At this point, you are likely seeing the skin on your heels improving dramatically. To continue softening it, get out a pair of cotton socks, your moisturizing cream or balm, and some petroleum jelly when you’re ready to go to sleep for the night.
Apply cream or balm to your feet, followed by petroleum jelly, and put your socks on. Wear the socks overnight. Then, when you wake up, remove the socks and clean the petroleum jelly off your feet. Your feet should be looking and feeling much better.
#4 Switch to Mild Soaps
Some brands of antibacterial soaps and gels are notorious for drying skin out and even causing allergic reactions. If you’re using a harsh, highly-fragranced soap for daily cleansing, switch to a mild soap known to be gentle on the skin.
#5 Apply Liquid Bandages to Your Feet
Do you still have cracks in your heels? If so, try applying a liquid bandage to seal the cracks and prevent dirt and debris from entering the cracks and causing infection. You can find liquid bandages in most pharmacies and retail stores selling hygiene products.
Most liquid bandages are easy to apply and don’t fall off your feet like physical bandages do. They also help reduce future cracking. Just make sure to read the directions first and only apply to clean, dry feet.
#6 Choose Supportive Footwear
Your choice of shoes can make a big difference as far as whether your feet experience dryness, thickening, and cracking. That said, if you wear tight or stiff shoes, you may want to switch to a pair with softer fabric. Also, while you’re treating cracked heels, don’t wear flip-flops or open-back shoes because dirt and dust can get into the cracks and make them even more dry.
When Should I See a Podiatrist?
If you’ve tried at-home treatment and you don’t see your heels improving in a week or so, you may want to make an appointment with a podiatrist. Additionally, if you haven’t tried treatment yet and you notice deep, painful cracks, yellow or brown calluses along the heels, bleeding, or signs of infection, please see a podiatrist.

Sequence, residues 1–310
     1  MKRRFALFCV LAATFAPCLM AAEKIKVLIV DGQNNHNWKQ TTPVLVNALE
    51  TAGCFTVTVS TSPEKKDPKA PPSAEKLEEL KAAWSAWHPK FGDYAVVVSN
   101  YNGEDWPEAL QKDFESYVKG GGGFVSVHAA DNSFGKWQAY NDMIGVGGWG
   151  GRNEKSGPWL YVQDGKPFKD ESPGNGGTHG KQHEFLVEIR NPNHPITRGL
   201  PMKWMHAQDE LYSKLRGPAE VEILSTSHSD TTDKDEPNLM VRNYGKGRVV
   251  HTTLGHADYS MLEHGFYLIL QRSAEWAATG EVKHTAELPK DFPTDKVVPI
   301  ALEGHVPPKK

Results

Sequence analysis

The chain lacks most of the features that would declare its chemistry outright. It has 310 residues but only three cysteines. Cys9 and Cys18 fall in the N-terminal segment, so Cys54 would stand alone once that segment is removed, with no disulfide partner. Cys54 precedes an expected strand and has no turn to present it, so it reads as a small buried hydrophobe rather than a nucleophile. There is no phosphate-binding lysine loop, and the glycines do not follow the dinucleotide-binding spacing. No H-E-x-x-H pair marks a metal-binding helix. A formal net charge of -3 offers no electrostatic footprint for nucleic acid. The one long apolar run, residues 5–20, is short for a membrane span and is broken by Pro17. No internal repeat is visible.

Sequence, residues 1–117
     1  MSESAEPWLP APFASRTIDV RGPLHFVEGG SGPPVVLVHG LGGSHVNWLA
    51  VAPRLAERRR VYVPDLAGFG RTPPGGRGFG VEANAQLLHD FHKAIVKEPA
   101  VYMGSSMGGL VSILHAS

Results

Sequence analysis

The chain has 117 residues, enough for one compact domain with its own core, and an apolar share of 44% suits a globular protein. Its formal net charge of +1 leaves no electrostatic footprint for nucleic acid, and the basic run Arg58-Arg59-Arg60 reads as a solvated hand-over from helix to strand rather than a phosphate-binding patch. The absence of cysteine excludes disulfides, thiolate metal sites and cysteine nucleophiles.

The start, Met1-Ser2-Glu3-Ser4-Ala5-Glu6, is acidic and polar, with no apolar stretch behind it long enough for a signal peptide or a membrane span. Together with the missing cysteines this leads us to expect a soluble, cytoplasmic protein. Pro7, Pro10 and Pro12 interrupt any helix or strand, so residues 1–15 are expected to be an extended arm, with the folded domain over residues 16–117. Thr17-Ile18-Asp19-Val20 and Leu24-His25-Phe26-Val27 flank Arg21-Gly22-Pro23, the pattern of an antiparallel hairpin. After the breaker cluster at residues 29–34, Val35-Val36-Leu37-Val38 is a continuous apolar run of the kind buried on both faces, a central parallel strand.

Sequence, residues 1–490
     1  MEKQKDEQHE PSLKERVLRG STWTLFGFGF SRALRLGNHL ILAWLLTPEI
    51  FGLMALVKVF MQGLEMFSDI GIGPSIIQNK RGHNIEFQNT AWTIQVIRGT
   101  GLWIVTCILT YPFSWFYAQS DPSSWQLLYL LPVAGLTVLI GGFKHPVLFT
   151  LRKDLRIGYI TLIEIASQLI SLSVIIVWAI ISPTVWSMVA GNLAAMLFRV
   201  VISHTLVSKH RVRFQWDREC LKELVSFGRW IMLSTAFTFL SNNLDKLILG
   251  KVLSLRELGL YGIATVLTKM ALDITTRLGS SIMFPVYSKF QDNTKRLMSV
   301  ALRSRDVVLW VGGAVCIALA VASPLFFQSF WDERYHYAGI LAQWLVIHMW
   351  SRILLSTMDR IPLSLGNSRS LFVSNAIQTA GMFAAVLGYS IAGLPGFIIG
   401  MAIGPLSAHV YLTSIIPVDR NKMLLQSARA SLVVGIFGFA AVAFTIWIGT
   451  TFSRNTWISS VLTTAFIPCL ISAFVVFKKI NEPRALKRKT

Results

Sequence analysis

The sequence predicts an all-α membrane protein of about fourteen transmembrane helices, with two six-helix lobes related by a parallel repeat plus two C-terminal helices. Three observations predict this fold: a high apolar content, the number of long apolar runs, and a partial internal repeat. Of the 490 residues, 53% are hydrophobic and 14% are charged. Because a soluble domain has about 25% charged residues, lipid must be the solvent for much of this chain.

Once you arrive at your podiatry appointment, it’s best that the podiatrist completes an assessment of your condition to determine what’s causing cracked heels to develop. This will help you determine optimal long-term care and prevent cracks from recurring on your heels.
Treatment to your cracked heels most often involves debridement. With this procedure, a podiatrist will use a metal scalpel or similar tool to cut away the tough, dead skin from the bottom of your feet. It may sound unpleasant, but a podiatrist can perform this pain-free since the skin being removed is dead. Once complete, the podiatrist may also use a sander to remove any remaining dry skin. Additionally, if your skin is infected, a podiatrist will generally need to dress the wound and prescribe an antibiotic.
Other treatments for cracked heels can include strapping, padding, or applying a skin adhesive to help the skin heal. It’s also common for a podiatrist to assess your footwear to determine whether you need better-fitting shoes or custom orthotics, which will ultimately reduce pressure on your heels.
Need a Podiatry Appointment?
At Essex Union Podiatry, we are Union, NJ podiatrists that treat patients with dry, cracked heels on a regular basis. Most issues are easily resolved with a simple procedure, and we make sure everyone’s experience is comfortable and pain-free.
To schedule your appointment, please visit our website or call us at 973-313-5601.